Mark Cavendish claims first Tour de France yellow jersey of his career at Utah Beach

At the start of the year, Mark Cavendish (Dimension Data) made his season ambitions crystal clear – wear yellow, win Olympic Gold and claim a second world road race title. One, two, three. He made it sound easy.

At end of the first stage of the Tour de France, he could put a big tick through ambition number one – winning ahead of sprint nemesis Marcel Kittel (Etixx-QuickStep) and Peter Sagan (Tinkoff) at Utah Beach to pull on the first maillot jaune of this year's race.

For the 31-year-old Dimension Data rider, this was a seminal moment. He has won so many stages in the Tour – 27 to be exact – that they nearly all blur into one, but never before has he pulled on yellow. When asked about the prospect at a pre-Tour de France press conference he dismissed the long-term ambition but there was no hiding his pride on Saturday.

"I'm so happy. I really wanted to win here today. The lads were incredible. Edvald [Boasson Hagen] did the most incredible turn at the end. He rode out of his skin today. I'm so happy to do this for Dimension Data today," Cavendish said at the mixed zone.

"It's quite emotional. This is the only jersey in cycling I've not worn. I've had all three points jerseys, the Worlds jerseys and the leader's jerseys in the Giro and the Vuelta and now this. I just wanted to win the stage and to wear this jersey is an honour. I've built my whole career on this race."


The machinations of the Tour mixed zone essentially involve press from around the globe asking the same question is as many different ways as possible. The stage winner – in this case Cavendish - duly plays his part, shuffling from broadcaster to broadcaster until planet cycling has their fill and the rider is handed over to the media in the press conference. Occasionally, though, a question is provided that gives a better and deeper glimpse into a rider's thoughts.

Near the end of his mixed zone stint, former rider David McKenzie, now of SBS, asked Cavendish whether, at his age, the respect of his peers was important to him.

"There are a few guys who fucking hate me in the peloton," was Cavendish's blunt but fair response.

"This is my tenth tour de France from the beginning and I've had the pressure to win. I don't know any different. From 2008 it's been the end of me, that's how it is and it's something to talk about. These are the days that I'll look back and remember. I've made some incredible friends."

When Cavendish arrived at the media press conference he appeared eager to head back to his hotel and spend deserved time with his teammates and his young family who have joined him for the start of the Tour.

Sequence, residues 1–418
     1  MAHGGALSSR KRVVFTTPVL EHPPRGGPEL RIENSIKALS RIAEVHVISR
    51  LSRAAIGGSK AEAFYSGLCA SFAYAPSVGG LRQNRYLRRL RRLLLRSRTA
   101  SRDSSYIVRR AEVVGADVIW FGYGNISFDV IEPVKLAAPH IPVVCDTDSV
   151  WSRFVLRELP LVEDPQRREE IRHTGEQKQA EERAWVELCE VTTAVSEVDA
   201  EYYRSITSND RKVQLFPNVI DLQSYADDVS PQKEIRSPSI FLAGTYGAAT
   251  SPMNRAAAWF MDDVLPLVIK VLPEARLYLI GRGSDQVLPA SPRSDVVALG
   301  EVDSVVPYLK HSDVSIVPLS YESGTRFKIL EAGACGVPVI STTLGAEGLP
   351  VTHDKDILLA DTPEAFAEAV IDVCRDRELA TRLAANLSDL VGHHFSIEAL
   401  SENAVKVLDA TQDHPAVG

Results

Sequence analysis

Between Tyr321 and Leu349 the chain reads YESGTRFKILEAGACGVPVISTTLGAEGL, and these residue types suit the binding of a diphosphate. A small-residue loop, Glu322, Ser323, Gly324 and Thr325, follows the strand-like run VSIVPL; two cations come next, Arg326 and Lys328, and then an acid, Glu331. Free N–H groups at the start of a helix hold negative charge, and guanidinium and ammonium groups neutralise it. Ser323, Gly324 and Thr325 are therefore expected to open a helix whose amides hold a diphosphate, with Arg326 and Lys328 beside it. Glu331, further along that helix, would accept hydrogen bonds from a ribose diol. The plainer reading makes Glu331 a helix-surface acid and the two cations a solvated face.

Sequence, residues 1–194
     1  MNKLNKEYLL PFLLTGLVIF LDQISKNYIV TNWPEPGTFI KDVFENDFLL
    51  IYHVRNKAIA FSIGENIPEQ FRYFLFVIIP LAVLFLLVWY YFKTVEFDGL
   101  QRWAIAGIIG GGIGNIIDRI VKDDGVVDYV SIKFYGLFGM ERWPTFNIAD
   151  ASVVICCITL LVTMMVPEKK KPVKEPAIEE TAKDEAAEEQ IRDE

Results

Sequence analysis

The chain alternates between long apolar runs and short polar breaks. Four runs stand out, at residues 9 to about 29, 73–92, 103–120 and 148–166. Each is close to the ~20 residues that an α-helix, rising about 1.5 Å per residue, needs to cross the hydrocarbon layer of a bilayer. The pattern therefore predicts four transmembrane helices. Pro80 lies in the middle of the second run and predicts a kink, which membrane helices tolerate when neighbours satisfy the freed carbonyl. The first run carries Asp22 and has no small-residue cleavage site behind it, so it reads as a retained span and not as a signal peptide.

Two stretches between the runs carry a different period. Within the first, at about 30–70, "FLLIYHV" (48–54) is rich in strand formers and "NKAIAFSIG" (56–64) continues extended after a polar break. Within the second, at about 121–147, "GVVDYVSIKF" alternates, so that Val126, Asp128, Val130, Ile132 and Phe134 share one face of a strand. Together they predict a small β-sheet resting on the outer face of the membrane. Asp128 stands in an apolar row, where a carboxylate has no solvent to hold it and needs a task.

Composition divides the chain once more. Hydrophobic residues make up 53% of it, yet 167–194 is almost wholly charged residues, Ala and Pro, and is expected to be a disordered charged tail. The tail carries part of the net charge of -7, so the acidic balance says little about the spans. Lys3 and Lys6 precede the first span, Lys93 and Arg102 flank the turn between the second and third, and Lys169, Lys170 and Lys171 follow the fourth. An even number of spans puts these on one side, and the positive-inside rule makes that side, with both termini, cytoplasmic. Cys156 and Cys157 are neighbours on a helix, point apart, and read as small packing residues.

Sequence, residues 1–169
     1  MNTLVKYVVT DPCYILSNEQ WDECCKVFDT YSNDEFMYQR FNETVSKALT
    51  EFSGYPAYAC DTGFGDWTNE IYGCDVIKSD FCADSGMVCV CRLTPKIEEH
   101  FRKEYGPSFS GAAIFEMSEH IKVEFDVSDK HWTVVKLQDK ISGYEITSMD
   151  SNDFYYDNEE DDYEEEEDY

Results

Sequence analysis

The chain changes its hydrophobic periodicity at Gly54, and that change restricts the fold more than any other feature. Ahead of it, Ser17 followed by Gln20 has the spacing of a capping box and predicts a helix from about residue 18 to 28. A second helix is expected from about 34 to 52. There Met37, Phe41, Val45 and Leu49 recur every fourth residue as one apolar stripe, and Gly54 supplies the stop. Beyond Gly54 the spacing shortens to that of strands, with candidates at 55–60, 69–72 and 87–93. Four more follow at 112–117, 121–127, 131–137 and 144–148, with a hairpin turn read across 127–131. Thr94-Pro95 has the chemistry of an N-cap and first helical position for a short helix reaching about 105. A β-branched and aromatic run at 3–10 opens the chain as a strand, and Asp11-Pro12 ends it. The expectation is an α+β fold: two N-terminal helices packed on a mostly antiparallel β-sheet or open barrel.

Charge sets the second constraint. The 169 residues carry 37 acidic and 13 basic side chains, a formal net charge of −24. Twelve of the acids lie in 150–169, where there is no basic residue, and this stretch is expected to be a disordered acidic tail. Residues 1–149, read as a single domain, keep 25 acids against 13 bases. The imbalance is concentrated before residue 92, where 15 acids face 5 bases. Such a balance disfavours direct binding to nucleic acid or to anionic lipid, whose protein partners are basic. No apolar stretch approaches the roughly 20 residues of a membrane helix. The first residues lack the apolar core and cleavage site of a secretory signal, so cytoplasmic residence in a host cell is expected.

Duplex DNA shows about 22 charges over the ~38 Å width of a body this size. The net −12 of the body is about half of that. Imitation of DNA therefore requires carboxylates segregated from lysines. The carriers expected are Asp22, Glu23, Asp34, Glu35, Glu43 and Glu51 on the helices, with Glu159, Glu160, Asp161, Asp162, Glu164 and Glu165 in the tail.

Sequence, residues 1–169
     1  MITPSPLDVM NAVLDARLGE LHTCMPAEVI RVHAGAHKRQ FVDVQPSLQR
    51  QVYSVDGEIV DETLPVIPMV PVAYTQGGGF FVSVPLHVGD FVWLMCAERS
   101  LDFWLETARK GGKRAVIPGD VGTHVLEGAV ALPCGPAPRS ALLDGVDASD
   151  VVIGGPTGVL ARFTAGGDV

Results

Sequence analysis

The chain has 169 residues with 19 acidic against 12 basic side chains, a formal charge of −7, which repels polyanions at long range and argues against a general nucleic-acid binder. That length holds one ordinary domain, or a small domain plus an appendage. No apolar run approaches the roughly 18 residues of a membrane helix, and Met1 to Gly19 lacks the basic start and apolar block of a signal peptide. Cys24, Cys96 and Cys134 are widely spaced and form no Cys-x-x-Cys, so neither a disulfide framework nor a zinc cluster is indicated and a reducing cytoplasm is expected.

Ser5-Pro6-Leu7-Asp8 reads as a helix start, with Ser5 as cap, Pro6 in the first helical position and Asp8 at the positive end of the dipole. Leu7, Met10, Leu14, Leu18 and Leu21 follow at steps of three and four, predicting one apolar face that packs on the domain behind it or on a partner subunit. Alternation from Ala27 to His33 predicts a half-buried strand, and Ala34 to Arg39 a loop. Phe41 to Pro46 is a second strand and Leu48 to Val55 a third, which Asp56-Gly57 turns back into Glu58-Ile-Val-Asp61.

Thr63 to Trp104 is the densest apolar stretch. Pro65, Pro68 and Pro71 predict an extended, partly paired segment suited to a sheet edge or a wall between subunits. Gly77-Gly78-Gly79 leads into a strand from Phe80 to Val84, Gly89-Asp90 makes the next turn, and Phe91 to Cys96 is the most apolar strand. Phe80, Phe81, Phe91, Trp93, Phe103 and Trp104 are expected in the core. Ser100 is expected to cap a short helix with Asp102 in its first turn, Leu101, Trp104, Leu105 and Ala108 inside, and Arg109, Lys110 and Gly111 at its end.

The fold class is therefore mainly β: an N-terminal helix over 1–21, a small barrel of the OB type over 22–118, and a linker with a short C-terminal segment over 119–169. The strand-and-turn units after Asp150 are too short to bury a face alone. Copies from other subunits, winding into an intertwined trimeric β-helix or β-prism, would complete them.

"Every Tour de France stage is a life changing moment," he said. "It's the first time I've had the honour of wearing the most iconic jersey in cycling, the yellow jersey and I'm incredibly proud do to that. For a day, at least."

The sprint itself was predictably nervous and fraught affair. Cavendish was dropped off by his teammates with a few hundred metres to go and from there he was left to his own devices. Etixx later said that they had messed up their leadout for Kittel, but the British rider still had an awful lot to do in the final 300 meters. First he fought his way onto André Greipel's leadout after Mark Renshaw had peeled off, and then when Peter Sagan jumped too early, Cavendish latched on and used the world champion's slipstream. Kittel reacted too late and Sagan had left the door marginally open. From there, Cavendish could sense victory.

"We thought that it was going to be a full on tailwind but it changed towards the end. That threw me a little bit. Mark and Edvald worked hard but I didn't want to go then. I was able to follow and Sagan went first. I followed and then saw Kittel come on the left. Sagan left a gap on the right and I had to take it. I knew that when Kittel reached his terminal velocity I still had something left."

One major ambition down. Two more to go.

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Daniel Benson

Daniel Benson was the Editor in Chief at between 2008 and 2022. Based in the UK, he joined the Cyclingnews team in 2008 as the site's first UK-based Managing Editor. In that time, he reported on over a dozen editions of the Tour de France, several World Championships, the Tour Down Under, Spring Classics, and the London 2012 Olympic Games. With the help of the excellent editorial team, he ran the coverage on Cyclingnews and has interviewed leading figures in the sport including UCI Presidents and Tour de France winners.